This morning, one of my children started the day by accidentally spilling their entire bowl of cereal and milk all over the kitchen floor.
And it wasn’t just a neat little spill (is there such a thing?). No, cereal and milk were spattered all over the place.
It was not the best prelude to a Monday morning and I wanted to get frustrated over it. I quickly caught myself, though, when I looked into the eyes of this child and realized that the last thing they needed from me was shame. Instead, they needed grace.
I had the opportunity to either speak words that would hurt my child, or bless my child. Instead of venting, I stopped, took a deep breath, smiled, and said, “Here. Let me get you a new bowl of cereal. And let me wipe you up. Don’t worry about the spilled cereal. I’ll clean it up.”
You know what? I felt so much calmer just saying those words. My child immediately smiled and all was well. And it only took a few minutes to clean up anyway.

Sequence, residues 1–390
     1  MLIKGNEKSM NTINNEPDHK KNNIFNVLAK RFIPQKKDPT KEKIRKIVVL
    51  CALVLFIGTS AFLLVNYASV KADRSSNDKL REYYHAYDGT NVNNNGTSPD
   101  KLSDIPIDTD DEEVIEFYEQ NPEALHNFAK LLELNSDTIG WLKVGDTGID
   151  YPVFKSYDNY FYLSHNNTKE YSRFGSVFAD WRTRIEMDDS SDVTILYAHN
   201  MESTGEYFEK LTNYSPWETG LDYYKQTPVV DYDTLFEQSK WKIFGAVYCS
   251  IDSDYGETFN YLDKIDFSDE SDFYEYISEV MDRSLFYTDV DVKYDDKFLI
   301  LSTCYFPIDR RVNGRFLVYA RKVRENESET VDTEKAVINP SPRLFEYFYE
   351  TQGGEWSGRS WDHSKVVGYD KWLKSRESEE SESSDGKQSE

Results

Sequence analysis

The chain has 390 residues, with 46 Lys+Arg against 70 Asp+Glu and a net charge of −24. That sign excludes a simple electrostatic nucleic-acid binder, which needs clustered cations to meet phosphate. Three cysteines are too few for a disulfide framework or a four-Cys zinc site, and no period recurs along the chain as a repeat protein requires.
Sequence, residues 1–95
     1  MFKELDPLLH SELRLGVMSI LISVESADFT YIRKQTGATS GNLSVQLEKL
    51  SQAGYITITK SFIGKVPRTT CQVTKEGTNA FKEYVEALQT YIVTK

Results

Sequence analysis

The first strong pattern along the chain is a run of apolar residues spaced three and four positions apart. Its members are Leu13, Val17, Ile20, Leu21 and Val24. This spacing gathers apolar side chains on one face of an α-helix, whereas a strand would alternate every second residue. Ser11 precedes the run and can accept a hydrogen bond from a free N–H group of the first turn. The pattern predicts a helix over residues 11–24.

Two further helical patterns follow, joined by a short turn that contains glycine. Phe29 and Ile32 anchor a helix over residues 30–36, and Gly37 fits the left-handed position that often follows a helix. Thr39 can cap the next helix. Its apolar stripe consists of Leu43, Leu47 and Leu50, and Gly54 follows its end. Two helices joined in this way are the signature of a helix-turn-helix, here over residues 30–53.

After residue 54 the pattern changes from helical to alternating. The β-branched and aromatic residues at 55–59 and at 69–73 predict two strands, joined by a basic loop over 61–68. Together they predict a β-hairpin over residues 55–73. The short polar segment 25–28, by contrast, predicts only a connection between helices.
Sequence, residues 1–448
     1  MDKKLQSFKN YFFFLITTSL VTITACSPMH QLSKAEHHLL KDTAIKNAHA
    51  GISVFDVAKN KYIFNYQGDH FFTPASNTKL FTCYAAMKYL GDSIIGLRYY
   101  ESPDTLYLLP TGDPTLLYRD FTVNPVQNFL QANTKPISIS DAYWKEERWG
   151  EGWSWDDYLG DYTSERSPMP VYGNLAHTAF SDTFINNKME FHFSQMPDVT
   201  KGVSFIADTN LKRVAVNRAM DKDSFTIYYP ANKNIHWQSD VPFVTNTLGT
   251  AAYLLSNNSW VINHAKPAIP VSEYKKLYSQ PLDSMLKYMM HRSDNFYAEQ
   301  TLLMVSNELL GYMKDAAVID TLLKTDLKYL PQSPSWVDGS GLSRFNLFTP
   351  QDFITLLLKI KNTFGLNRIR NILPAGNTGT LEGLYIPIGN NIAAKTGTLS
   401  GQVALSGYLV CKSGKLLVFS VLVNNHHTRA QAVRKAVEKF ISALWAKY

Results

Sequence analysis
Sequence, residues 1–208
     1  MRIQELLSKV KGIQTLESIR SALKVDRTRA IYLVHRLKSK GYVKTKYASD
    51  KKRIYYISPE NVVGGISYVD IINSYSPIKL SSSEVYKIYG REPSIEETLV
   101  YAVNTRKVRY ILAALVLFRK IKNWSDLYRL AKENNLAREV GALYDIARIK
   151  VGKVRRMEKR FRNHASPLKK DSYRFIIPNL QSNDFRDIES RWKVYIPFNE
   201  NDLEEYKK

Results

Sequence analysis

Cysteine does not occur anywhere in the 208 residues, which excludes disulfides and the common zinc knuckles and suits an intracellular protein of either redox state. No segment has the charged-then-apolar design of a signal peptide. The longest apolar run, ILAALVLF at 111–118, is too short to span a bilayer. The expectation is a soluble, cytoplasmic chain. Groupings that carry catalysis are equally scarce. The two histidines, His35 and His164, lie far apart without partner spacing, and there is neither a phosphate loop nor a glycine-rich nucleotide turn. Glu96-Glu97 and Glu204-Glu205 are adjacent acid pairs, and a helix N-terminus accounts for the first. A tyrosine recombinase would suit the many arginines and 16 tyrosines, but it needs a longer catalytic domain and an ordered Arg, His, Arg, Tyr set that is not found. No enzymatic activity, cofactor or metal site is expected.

But lest you think I’m some rockstar mom, let me tell you that I totally failed in this regard just yesterday — and it was over something much smaller than milk and cereal splashed all over my kitchen. I got upset. I yelled. And I said hurtful words.
Words that wounded. Words that penetrated. Words that shamed.
For the rest of the day, some of my family members carried heavy hearts and discouragement as a result of my words. Even though I asked forgiveness, the damage couldn’t be undone.
As was so evident to me yesterday, our words have lasting impact — either for good or for harm. In 25 years, the spilled cereal and milk and the inconsequential things that happened yesterday will long be forgotten, but my words can never be taken back.
My new mantra: “Grace, not shame.” Will you join me?